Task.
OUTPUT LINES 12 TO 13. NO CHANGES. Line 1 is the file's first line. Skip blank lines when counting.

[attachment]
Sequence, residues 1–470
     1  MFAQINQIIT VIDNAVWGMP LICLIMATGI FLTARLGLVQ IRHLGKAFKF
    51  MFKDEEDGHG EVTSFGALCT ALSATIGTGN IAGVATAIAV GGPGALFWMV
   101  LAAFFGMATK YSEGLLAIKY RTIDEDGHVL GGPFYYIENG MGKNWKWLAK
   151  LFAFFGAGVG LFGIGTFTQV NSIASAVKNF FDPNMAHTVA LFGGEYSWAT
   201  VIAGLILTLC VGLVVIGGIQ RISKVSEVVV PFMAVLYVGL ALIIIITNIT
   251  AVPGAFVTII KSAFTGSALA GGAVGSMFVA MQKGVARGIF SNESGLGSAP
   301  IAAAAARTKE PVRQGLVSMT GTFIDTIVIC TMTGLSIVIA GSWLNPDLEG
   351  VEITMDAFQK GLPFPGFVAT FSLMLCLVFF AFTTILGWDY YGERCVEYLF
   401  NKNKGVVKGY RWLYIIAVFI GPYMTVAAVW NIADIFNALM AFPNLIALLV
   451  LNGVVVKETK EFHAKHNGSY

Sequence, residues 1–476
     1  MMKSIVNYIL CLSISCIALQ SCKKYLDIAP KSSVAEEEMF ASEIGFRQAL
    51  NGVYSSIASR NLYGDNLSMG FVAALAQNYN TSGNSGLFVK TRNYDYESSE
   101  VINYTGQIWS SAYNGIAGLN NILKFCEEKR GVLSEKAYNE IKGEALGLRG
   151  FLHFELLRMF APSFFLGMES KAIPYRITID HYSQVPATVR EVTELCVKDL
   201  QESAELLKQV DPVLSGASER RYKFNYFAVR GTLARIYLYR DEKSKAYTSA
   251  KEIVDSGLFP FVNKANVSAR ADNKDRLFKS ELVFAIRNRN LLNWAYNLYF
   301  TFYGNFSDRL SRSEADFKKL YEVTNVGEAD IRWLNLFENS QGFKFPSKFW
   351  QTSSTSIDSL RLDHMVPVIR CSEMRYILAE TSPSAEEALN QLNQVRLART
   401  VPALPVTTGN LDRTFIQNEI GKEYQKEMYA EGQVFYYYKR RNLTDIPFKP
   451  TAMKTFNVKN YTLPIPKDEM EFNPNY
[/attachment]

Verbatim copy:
Sequence, residues 1–476
     1  MMKSIVNYIL CLSISCIALQ SCKKYLDIAP KSSVAEEEMF ASEIGFRQAL